This hand — so jarringly human amid the cold mechanics of bombs and anonymous enemies — was about to wedge itself, the Australian man would write decades later, "like a splinter under the skin of my soul." It would lead, along with other battlefield horrors, to the splintering of his mind and to a locked psychiatric ward. And it would lead to the abrupt end of a 38-year military career that saw him ascend to remarkable heights as the commander of Australia's 1,500 troops in Afghanistan.
In the process, Maj. Gen. Cantwell would become two people: a competent warrior on the outside. A cowering wreck on the inside.
He hid his agony to survive, to protect his loved ones and — he admits it — to pursue professional glory. But in the end, the man with two selves found he had lost himself completely.
A disheartening number of veterans suffer post-traumatic stress disorder. What made Cantwell so extraordinary was his ability to hide his escalating pain for so long, while simultaneously soaring through the military's ranks — eventually taking charge of an entire nation's troops in a war zone.
But the higher he climbed, the farther he fell into the abyss of mental illness.
"I became an excellent actor," he says, 20 years into his battle with PTSD and going public for the first time with the release of his autobiography, "Exit Wounds."
"It did, though, come at a price. It was like pressure building in a hose and you finally release the tap."
And when that tap was opened, Cantwell nearly drowned.
He had practically begged his way onto the battlefield.
In 1974, he joined Australia's Army as a 17-year-old private, after a childhood spent worshipping Vietnam veterans and poring over military-themed comic books. He ended up on exchange with the British Army, and two years later, the Gulf War erupted. Cantwell hounded his superiors for his first chance at combat. "Be careful what you wish for, John," one warned him. But on Dec. 17, 1990, he said goodbye to his wife and two sons and headed to the Persian Gulf.
It was exciting at first — the strategizing, the explosions, the sense of being part of something big. He whooped with victory alongside his comrades when bombs blew apart Iraqi artillery.
Then came the hand.
Cantwell stared at it as his tank rolled past. He had been unnerved by the plan for American troops to bulldoze over a network of trenches hiding Iraqi soldiers, but had said nothing. Now he wondered: Had the soldier been reaching for help when he was entombed?
The U.S. Defense Department would later defend the operation as a necessity of war, arguing that the Iraqis who were killed had chosen to stay in the trenches and fight. The Defense Department's former spokesman, Pete Williams, told reporters at the time: "There is no nice way to kill somebody in war. War is hell."
On the battlefield, there was no time to process it. Cantwell was a warrior, and this was war. He pushed forward.
The horrors piled up. He saw the twisted, charred remains of men. He fought to stay calm when several small bombs exploded under his vehicle. Inside a blood-and-excrement-smeared torture chamber in a former Iraqi headquarters, he saw a drill, hammers, pliers and rope. He imagined the screams of the victims.
Through it all, he knew he must remain focused. That was what he had been trained to do, and he did. But there were moments when he felt something gnawing at him.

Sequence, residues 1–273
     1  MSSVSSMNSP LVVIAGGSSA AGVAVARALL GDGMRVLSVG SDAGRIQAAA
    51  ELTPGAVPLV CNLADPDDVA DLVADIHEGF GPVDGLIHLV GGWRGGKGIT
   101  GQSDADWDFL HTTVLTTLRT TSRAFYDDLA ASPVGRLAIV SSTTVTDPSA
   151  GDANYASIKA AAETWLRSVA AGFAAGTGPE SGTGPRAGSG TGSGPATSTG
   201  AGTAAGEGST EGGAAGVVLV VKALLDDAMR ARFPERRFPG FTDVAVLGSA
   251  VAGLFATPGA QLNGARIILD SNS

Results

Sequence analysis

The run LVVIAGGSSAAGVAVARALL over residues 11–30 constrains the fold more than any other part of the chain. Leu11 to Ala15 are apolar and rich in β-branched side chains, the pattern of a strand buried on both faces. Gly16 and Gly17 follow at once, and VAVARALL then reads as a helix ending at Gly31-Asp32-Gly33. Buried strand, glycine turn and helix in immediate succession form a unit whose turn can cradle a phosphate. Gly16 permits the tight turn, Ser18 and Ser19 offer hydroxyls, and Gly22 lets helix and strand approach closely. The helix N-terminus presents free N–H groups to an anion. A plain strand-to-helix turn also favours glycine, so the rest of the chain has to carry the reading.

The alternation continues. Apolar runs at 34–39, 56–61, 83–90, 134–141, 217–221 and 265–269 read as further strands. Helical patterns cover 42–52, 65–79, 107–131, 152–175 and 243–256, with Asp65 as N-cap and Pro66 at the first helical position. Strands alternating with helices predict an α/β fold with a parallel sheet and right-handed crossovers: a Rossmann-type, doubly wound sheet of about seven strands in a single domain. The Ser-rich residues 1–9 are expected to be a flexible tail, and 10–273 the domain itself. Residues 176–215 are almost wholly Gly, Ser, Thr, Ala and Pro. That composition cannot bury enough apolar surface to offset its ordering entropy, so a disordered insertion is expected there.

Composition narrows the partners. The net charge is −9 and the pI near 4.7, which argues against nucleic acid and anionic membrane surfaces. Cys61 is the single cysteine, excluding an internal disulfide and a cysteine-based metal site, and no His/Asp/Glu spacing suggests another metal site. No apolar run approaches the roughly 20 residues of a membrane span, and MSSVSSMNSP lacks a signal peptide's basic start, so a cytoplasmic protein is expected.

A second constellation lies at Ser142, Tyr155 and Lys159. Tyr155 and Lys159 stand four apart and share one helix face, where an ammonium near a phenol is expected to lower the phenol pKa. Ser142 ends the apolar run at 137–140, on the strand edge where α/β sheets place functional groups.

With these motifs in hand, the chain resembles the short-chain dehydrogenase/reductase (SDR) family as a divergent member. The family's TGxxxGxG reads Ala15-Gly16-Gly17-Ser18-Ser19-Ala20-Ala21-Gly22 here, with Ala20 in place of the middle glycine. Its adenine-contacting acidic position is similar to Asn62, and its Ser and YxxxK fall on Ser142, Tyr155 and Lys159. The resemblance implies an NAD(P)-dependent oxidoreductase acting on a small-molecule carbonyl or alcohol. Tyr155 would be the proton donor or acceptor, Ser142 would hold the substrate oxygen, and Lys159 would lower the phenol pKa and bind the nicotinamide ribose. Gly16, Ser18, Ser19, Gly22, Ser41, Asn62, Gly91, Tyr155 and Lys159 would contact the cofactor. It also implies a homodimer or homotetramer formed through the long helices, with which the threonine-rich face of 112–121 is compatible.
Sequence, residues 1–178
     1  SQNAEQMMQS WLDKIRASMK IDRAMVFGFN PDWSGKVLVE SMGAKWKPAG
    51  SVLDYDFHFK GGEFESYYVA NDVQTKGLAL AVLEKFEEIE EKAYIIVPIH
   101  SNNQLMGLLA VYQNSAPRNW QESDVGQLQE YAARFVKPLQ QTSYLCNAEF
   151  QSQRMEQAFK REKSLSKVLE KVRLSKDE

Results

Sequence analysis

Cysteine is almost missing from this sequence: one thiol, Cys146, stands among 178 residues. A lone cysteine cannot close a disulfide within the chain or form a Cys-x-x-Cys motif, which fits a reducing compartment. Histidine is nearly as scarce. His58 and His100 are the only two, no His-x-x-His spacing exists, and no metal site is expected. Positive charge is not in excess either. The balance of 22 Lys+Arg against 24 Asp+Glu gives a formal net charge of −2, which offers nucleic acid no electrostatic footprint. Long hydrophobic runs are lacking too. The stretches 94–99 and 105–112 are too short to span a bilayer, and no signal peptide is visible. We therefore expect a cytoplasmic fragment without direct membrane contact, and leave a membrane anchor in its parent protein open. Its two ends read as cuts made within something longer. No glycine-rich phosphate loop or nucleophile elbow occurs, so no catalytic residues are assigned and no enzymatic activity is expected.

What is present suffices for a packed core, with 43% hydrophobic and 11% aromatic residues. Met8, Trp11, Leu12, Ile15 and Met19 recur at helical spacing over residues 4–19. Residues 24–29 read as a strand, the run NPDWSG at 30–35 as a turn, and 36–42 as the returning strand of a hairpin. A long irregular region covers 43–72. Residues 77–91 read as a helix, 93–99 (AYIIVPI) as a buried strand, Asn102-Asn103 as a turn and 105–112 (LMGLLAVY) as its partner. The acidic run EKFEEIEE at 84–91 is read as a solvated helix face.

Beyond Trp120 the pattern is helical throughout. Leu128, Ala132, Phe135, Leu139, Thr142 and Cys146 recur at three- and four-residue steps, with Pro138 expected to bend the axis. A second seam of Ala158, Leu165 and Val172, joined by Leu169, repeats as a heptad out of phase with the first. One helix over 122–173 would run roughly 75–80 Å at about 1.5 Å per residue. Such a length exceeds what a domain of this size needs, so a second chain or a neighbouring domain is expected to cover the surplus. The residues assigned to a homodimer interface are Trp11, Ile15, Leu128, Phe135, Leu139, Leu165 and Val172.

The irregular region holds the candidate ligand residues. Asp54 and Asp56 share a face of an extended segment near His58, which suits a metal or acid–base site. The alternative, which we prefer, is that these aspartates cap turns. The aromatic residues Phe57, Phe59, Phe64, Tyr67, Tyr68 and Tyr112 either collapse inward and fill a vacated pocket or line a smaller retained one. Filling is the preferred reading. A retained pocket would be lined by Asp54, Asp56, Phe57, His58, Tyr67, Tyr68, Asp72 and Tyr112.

He was looking for survivors near a blown-out truck when he spotted the first head lying in the sand. A second head lay nearby, one eye staring back at him, a scarf still wrapped around the remains of the neck.
Cantwell felt an overwhelming compulsion to put the men back together.
With sweaty hands, he lifted the second head by the scarf and carried it over to its former body. He grabbed the other head by the hair and placed it alongside the shoulders to which it had once been attached.
Then he climbed into his tank, and got back to the business of war.
Cantwell was falling apart.
The nightmares arrived swift and brutal upon his return to Australia. In them, the hand summons him. He falls to his knees, helpless as the hand yanks him into the ground toward certain death.
He awoke to his own screams.
The nightly torment was relentless. He dreamed of being blown apart by land mines, of the decapitated heads. Mornings brought exhaustion and flashbacks. In public, he scanned crowded areas for exits, convinced an attack was imminent. Lightning made him jump.
The nightmares grew worse. One night, he shoved his wife Jane out of bed, pinned her against the wall and held his arm across her throat. Jane was terrified. When her husband woke up, so was he. What if he had hurt her?
He suffered alone. At the time, Australia hadn't experienced battle since Vietnam, so he was an anomaly. He hid it from his sons, wanting to protect them. He confided in Jane, but only to an extent. He worried his fear would contaminate her.
He began to live behind a mask. Every morning, he dragged himself out of bed and ruthlessly quarantined his fear into a tiny box inside his mind. He showered, shaved, slapped on a smile and adopted a confident tone: This is the John Cantwell the rest of the world will see.
The double life was exhausting. He consulted a psychiatrist, who offered a cold dismissal: Get on with your job and your life. Stop fixating on bad memories.
He slid further into depression. A year later, a psychologist diagnosed him with PTSD. Cantwell took sleeping pills at night to try and find peace.
It never came.
It was 2006, and the Iraq war was raging when Cantwell landed in Baghdad. Australia had sent 2,000 troops to support the U.S. and the British, and Cantwell, by then a brigadier, was deployed to coordinate operations across the country.
Despite his PTSD, he'd lobbied hard for this job. Maybe he could help, he told himself. And maybe if he returned to the place where his torture began, he could find a way to move on.